THE DALLES WAHTONKA athlete Katherine Kramer scurries to third base on a single during varsity softball action this past season. Kramer was recently voted on as a second-team all-state winner.
Photo by Mark Gibson.
In four years, Katherine Kramer steadily improved to the point where she was one of the most feared hitters across the state.
This season the University of Pittsburgh-bound catcher led The Dalles Wahtonka in eight offensive categories to put a stamp on her career with a second-team nod at catcher.
“I am happy for Katherine,” TDW head coach Steve Garrett said in an earlier interview. “Coming in, she knew getting good pitches to hit was going to be tough. She remained patient at the plate and led our offense.”
In her freshman campaign, Kramer had a .379 batting average with 13 RBIs and an on-base percentage of .478 to chalk up first-team all-state recognition as a utility player.
That year, she moved from catcher to third base and even outfield and never regressed.
Kramer hit at least .400 in all four years and her batting average swelled to more than .500, her highest in her sophomore season.
On a team in 2013 that scored 170 runs and was held to two runs or lower 10 times, Kramer managed to hit .485 in 12 league games and finished with a team-high 38 hits in 80 at-bats for a .475 average.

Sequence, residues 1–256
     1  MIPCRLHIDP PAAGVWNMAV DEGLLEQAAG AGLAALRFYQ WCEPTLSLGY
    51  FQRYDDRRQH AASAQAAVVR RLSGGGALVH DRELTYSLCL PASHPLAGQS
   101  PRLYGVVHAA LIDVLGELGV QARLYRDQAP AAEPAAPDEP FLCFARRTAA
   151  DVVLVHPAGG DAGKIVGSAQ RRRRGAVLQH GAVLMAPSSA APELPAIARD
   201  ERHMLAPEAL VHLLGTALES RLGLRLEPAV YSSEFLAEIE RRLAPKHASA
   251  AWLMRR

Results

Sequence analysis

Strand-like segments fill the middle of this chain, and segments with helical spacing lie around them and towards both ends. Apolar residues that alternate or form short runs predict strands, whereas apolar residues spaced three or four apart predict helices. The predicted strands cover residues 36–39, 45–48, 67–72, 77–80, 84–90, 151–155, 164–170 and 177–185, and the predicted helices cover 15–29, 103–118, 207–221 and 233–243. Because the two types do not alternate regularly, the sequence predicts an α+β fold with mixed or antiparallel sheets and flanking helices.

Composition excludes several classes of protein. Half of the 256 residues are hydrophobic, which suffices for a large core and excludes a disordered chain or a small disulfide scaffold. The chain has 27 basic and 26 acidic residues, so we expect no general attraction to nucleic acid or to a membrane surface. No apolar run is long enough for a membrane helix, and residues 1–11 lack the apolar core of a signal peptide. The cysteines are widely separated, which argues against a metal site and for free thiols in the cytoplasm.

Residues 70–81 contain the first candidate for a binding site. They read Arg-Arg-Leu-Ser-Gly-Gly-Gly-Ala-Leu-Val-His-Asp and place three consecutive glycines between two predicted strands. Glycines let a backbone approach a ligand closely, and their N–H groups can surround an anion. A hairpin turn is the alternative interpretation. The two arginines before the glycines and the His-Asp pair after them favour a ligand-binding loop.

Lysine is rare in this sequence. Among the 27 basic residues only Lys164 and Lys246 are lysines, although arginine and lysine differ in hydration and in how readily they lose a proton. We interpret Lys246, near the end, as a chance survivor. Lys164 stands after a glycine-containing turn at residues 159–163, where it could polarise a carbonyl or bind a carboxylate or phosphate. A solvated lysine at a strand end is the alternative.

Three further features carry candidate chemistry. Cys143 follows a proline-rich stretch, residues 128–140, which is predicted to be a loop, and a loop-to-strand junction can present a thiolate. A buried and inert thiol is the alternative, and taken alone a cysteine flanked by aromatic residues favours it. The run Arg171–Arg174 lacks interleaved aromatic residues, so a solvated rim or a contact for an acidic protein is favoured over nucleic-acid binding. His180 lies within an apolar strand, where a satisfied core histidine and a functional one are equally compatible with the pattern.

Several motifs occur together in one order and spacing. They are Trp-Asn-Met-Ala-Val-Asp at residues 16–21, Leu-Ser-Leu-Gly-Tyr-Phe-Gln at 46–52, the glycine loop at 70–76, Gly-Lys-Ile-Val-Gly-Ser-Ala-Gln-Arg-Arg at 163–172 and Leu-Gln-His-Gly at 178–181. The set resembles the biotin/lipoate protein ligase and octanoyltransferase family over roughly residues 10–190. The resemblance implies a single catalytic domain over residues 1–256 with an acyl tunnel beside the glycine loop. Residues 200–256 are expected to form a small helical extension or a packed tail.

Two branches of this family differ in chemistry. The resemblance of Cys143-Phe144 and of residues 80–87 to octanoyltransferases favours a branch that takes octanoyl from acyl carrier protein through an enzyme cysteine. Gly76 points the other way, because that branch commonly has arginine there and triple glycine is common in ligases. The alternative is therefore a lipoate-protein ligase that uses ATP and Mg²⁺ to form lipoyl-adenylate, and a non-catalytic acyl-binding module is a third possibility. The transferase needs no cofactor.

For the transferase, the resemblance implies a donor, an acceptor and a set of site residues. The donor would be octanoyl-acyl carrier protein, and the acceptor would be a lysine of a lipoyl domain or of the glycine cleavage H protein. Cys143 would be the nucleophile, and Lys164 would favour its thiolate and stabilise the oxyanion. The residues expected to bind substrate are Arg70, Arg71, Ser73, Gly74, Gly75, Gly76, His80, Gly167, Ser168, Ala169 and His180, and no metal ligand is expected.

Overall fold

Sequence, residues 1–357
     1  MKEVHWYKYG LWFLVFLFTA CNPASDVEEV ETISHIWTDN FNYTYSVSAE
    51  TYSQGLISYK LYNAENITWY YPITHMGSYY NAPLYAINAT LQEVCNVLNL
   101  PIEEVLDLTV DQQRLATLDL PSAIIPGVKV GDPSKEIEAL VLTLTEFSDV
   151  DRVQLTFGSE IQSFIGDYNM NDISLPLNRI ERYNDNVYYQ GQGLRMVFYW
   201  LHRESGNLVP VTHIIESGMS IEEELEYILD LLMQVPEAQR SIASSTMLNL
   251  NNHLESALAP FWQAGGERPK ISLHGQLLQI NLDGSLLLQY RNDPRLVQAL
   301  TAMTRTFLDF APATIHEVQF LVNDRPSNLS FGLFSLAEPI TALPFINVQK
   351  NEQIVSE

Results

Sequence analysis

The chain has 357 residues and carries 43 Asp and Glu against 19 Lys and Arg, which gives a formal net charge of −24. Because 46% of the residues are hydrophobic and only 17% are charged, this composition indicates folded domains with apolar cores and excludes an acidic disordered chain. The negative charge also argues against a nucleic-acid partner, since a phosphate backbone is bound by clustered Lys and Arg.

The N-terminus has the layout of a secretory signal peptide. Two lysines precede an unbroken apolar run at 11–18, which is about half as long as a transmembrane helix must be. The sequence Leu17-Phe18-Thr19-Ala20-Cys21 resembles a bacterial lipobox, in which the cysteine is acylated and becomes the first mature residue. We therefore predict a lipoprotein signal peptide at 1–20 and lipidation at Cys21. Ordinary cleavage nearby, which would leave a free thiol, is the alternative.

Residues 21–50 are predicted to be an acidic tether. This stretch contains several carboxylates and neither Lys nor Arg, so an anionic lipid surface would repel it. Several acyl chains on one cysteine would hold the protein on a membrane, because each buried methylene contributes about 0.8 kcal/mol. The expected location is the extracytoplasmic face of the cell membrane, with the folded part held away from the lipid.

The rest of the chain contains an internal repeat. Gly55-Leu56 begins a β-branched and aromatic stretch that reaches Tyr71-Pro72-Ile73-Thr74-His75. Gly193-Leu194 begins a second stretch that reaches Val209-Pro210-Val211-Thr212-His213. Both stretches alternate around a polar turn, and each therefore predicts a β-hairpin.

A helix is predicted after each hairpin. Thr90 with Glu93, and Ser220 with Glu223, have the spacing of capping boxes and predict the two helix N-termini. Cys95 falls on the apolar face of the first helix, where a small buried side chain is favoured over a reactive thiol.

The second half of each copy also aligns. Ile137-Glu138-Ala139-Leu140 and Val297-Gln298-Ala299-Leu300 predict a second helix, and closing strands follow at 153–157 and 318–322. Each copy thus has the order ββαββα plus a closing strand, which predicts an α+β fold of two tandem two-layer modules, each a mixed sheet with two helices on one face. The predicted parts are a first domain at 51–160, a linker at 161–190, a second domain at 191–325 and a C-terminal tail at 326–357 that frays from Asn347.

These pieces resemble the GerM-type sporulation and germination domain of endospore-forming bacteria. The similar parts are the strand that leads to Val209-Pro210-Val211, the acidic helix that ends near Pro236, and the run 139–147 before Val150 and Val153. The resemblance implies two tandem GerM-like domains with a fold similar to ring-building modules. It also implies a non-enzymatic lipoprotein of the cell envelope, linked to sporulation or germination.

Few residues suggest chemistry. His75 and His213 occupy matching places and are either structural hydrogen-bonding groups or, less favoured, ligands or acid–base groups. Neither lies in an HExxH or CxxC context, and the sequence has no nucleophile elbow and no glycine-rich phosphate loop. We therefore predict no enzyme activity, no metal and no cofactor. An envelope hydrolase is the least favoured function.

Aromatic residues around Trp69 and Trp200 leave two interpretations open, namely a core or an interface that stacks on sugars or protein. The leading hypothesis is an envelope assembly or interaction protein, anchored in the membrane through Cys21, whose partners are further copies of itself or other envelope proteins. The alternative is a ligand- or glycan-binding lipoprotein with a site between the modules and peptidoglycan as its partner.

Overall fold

She hit two home runs apiece in league and non-league for a team-high four and she added 22 RBIs, also a Tribe best.
The senior scored 26 runs, led the squad with 61 total bases, was issued eight walks and went a perfect 3 for 3 on stolen base attempts.
“She was our most steady player through the season both offensively and defensively,” Garrett said. “Katherine consistently hit for us and did a great job defensively behind the plate. She caught every game and never wanted to come out. One thing about Katherine is she is a very competitive player and was the leader of our club.”
Kramer notched first-team all-league honors in all four years and capped her 2013 season with a co-Player of the Year selection.
In two of the first three years there was all-state voting (there was no voting tabulated in 2011), Kramer accomplished a feat of earning slots on the first-team page.
Until a quarterfinal run fell one run short this season, before that, TDW had compiled an impressive feat of making long semifinal runs for five straight campaigns.
Also while Kramer etched her name on the roster, the Eagle Indian program amassed a 72-41 record for a 63.7 percent winning percentage. In league action, TDW went 32-25 with one league title.
Garrett added that historically, the Columbia River Conference is the toughest league to play in.
That level of competition should bode well for the future while she acclimates herself to the DI level.
“Katherine is one who is going to have her eyes open,” the coach said. “She is a good ballplayer and I think she will be able to do it. I think Katherine has the ability to step up to the competition she is playing against.”